The Recording Academy has announced it plans to award a posthumous Trustees Award Grammy to Apple co-founder Steve Jobs to recognize his role in revolutionizing the modern music industry.
“A creative visionary, Jobs’ innovations such as the iPod and its counterpart, the online iTunes store, revolutionized the industry and how music was distributed and purchased,” the Recording Academy said in a statement.
Apple was indeed a pioneer in the digital music retailing business, launching its iTunes store in 2003 with the support of all major record labels after much arm-twisting from Steve Jobs to get them all to agree to uniform pricing (then $0.99 per track), with the concession that all tracks were protected with Apple’s FairPlay DRM technology. The iTunes Store was greeted with some skepticism—after all, why buy digital tracks when CDs were often cheaper (especially for albums) and a vast library of pirated music was easily available (illegally) via peer-to-peer file sharing services? However, fueled by its iPod personal music player business, the iTunes Music Store turned into a strong success for Apple—although the store now has differential pricing, most tracks are now sold without DRM protection—another move Apple was early to embrace. As a result, Apple has long been the leading music retailer, leaving the likes of Walmart and Amazon in its wake.
Apple was also the recipient of the first Grammy ever awarded to a PC company—back in 2002 when Apple was still considered a “PC company.” The technical Grammy was awarded for Apple’s then-nascent iTunes and iPod business, as well as for recognizing the Mac as the first computer with built-in audio capabilities—capabilities that were one chapter in the company’s long-lasting legal entanglements with the Beatles’ Apple Corps.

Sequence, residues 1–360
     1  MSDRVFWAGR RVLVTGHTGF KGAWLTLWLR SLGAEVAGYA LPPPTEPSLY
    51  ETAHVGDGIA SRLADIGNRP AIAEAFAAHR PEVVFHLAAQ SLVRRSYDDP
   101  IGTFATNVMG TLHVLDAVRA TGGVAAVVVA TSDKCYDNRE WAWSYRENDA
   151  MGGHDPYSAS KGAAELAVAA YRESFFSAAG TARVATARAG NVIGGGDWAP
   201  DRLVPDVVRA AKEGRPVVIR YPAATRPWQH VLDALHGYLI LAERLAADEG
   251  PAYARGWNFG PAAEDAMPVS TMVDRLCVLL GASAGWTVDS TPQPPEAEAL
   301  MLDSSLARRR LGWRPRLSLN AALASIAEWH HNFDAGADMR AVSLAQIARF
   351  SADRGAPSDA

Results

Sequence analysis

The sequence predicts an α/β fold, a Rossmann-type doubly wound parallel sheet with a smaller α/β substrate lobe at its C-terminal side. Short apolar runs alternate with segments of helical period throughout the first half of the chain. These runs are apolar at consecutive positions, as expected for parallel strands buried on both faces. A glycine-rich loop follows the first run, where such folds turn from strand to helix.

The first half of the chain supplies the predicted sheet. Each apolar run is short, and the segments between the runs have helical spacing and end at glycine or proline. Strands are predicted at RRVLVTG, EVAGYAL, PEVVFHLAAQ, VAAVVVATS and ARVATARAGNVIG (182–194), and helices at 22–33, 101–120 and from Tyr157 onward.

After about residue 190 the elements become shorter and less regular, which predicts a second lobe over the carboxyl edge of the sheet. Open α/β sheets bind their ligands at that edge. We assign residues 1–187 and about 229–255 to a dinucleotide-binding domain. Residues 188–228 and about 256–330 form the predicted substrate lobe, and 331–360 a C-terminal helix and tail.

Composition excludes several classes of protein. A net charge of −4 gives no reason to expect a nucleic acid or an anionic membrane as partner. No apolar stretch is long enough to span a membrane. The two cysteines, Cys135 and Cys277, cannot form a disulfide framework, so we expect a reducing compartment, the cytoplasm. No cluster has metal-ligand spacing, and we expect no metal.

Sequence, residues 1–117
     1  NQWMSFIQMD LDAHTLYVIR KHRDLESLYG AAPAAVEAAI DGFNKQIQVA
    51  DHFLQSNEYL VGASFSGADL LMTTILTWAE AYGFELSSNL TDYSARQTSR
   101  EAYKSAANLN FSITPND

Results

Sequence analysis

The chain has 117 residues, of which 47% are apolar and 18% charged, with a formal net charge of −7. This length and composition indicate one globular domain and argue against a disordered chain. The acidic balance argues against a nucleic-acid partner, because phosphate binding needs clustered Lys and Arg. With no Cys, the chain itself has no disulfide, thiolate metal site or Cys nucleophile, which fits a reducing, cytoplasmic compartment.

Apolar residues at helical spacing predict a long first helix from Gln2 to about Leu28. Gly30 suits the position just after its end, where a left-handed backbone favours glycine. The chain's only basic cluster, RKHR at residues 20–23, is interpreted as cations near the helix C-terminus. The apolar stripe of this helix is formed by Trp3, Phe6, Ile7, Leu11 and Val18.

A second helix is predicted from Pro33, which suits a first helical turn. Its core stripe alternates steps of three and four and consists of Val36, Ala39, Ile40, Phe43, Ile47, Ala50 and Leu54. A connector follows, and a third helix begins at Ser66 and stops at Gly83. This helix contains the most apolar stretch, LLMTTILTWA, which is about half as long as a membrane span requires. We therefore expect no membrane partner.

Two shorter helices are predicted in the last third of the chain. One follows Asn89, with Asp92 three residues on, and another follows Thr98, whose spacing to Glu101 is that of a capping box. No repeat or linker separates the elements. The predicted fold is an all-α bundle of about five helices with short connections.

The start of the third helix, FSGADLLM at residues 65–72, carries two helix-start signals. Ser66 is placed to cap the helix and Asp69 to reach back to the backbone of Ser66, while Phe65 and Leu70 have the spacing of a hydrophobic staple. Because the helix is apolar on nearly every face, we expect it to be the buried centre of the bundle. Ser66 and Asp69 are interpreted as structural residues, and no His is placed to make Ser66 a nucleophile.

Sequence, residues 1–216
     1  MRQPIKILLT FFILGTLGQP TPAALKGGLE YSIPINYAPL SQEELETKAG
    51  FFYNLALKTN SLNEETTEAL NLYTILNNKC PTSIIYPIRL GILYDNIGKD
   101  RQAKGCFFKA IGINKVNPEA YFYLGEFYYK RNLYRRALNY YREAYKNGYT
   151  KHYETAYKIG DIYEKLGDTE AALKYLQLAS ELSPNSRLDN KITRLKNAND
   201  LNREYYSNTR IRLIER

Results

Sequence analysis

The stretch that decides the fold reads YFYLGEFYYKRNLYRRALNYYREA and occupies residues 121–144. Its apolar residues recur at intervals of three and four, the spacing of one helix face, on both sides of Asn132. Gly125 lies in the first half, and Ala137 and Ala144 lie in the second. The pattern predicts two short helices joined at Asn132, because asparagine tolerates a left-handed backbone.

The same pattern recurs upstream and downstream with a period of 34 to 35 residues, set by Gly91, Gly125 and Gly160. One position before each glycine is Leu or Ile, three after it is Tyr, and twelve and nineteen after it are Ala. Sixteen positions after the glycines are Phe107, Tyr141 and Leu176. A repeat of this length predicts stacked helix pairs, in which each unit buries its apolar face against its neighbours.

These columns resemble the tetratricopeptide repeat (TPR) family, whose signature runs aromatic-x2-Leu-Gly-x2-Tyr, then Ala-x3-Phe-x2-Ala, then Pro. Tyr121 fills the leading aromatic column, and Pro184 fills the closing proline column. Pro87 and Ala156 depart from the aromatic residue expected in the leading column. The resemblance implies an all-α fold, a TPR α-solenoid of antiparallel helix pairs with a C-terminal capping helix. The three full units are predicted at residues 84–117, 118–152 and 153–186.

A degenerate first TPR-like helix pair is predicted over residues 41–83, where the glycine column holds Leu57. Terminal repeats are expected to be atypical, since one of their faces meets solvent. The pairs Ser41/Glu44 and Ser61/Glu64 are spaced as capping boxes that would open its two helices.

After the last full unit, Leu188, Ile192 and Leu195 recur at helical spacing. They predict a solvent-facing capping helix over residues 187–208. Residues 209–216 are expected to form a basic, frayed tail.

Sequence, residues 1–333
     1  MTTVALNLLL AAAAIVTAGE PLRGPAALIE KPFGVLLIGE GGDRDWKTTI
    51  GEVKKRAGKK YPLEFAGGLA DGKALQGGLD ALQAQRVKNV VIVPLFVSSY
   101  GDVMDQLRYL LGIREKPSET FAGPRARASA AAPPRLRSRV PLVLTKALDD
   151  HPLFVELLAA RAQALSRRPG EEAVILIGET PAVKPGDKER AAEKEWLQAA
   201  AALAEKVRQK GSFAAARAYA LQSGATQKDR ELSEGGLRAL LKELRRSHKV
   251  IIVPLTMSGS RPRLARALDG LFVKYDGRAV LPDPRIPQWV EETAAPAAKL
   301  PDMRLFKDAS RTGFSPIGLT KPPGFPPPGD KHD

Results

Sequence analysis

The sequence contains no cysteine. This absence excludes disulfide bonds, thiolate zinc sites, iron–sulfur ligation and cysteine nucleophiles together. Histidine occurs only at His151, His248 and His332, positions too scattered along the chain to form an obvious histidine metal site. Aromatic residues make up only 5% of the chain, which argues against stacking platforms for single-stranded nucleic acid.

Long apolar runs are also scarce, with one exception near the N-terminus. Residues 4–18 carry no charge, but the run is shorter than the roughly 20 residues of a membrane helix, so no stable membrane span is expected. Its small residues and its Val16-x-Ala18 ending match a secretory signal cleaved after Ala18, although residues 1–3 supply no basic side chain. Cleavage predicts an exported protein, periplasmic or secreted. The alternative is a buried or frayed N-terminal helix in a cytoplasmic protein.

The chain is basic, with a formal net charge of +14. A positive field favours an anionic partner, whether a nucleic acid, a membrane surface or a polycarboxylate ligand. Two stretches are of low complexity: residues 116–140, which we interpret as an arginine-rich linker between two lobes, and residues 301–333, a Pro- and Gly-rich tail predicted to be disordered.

The Recording Academy is expected to make a formal acknowledgment of Jobs’ award during the Grammy Ceremony on February 14, 2012, in Los Angeles. The Grammys have always been a bit of a publicity stunt designed to boost sales and focus attention on the music industry—awarding a Grammy to Jobs personally is as much a recognition of his role in the industry as it is an effort to capitalize on the continuing accolades and memorializing of Jobs since his death in October.
The Recording Academy is granting two other Trustees Awards this year, one to longtime producer/songwriter/big-band leader Dave Bartholomew (who wrote and produced for the likes of Elvis, Chuck Berry, and Fats Domino), and world-famous recording engineer Rudy Van Gelder, who virtually defined the warm, full-textured sound associate with many high-quality jazz recordings—if you love the Blue Note jazz catalog, Ruby Van Gelder is the guy who made it happen.
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